The first cut on the album titled “Lift You Up”, washes over the audience with just that quality and virtue of showing up. The listener is transported to the enthusiasm and predictability of gig attendance and its accessory items. Ayla sings: “The young ones with old guitars/ driving to the gig in girlfriend’s car”. Are you there? Can you smell the grape air fresher? Is White Avenue passing by with rapid stillness? When will the performance of self-satisfaction end between you and her? Ayla is relaying a universal story that is also personal, and for that, we can worry a little less about the welfare of song hygiene when we climb or jump into our beds this evening. To temper things a little more, a familiar sensibility of honest disclosure in the tune “A Little More Light” “Life’s a party but parties have to end… We’re just starting I don’t mean to be dark. How was the drive? Did you find a place to park?” I think if Ayla was a rapper, he would be guilty in that wheelhouse of “keeping it real” and the aforementioned song would earn an echoing mic drop. Mic check one two, one two.
Recently I spoke to Ayla Brook on the phone, our first vocal interaction since 2006 during my last trip to Edmonton. While discussing the origins of The Sound Men, Ayla referred to his band-mates numerous times as his “family”. This threw me off at first. I had to ask him if he secretly created offspring without social media attention, which could be refreshing in an age of online, hyper-curated new parent/family lifestyle displays. I was warmed by the understanding that Ayla was referencing The Sound Men; a genuine sense of community and humanity deepened with his description of how certain bonds and creativity were found and formed in the intentional pursuit of a project, or more specifically, even in a regularly hosted poker game held in his Edmonton home. His “family” extends beyond the domestic setting of Edmonton with the outreach of Ontario’s Terra Lightfoot to produce and oversee the complexion of the album. The record is clear, and I speculate that Desolation Sounds feels at home with its own reflection – not overly produced nor stricken of its worthiness of close attention, and its realized arrival into its inevitable dissemination.
I will pause here and say that my primary goal in writing about music is not about waxing the illusion of musicology skills, nor to promote a specialized framework to understand music, ultimately of borrowed styles and processes. Rather I write about music so I can listen to more of it, engage with musicians, a little for the “cool optics” because I am a person on the internet of a certain age, and most importantly, so that people show up for music. I choose to write about artists I show up for, which arguably colors me a biased writer, which I will unapologetically accept. When I once operated an art gallery in Toronto, I chose art I was excited about. This turned out to be an effective and successful method because it allowed me to enthusiastically show up for each exhibition, honouring the hard work invested in such an endeavour.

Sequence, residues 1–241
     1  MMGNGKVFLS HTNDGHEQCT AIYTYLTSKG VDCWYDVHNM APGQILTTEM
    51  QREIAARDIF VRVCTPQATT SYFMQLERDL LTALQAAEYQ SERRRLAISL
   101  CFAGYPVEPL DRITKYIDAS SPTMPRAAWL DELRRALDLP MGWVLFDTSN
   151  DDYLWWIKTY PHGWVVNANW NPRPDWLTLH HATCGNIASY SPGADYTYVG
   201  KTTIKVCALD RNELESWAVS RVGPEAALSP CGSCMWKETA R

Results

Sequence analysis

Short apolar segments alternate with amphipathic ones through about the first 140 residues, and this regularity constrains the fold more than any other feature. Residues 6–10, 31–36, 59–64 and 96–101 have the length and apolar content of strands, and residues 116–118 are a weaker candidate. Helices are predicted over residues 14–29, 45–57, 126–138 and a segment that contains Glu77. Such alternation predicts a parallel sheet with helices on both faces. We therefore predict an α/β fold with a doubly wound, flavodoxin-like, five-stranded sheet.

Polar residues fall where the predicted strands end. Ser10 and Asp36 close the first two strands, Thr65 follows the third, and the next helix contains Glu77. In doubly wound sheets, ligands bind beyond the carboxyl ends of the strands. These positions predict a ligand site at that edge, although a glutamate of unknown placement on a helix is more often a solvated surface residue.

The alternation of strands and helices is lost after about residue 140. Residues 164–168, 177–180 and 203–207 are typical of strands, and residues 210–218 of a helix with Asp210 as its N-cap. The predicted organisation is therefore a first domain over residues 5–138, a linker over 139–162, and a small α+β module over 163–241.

For many years I’ve mythologized Ayla Brook as a Canadian troubadour, a differently earnest Gordon Lightfoot perhaps, supporting communities, initiating gatherings and collaborations, standing up for the everywoman musician, writing strong songs, and probably some “blue jeans” stuff as well. Ayla is a true Canadian songwriter – a sincere prairie contemporary. Much like the cover artwork on the AA Sound System releases and Desolation Sounds, Ayla and his sound family offer us a handmade sketch of the romantically charged celebration of songs woven by devoted songwriters and culture servers. Case and pointillism: When Ayla disclosed to me about working a job outside of music at the post-office, he framed that reality with the statement: “Oh great, yes, real life – finally stuff to write about”.
Songs. We hold space for them. May we all show up for songs as songs show up for us. Desolation Sounds gifts listeners a universal human connection to desolation, if not by way of our varied geographical lottery results, then by our subjective islands that allow fleeting glimpses into our lone internal landscapes. You know, those places where things like songs begin their journey outward intending to show up for those who make their existence possible by simply receiving their offer? Hard and dedicated workers they are – those songs and their makers. Thanks, Ayla. Thanks Soundmen.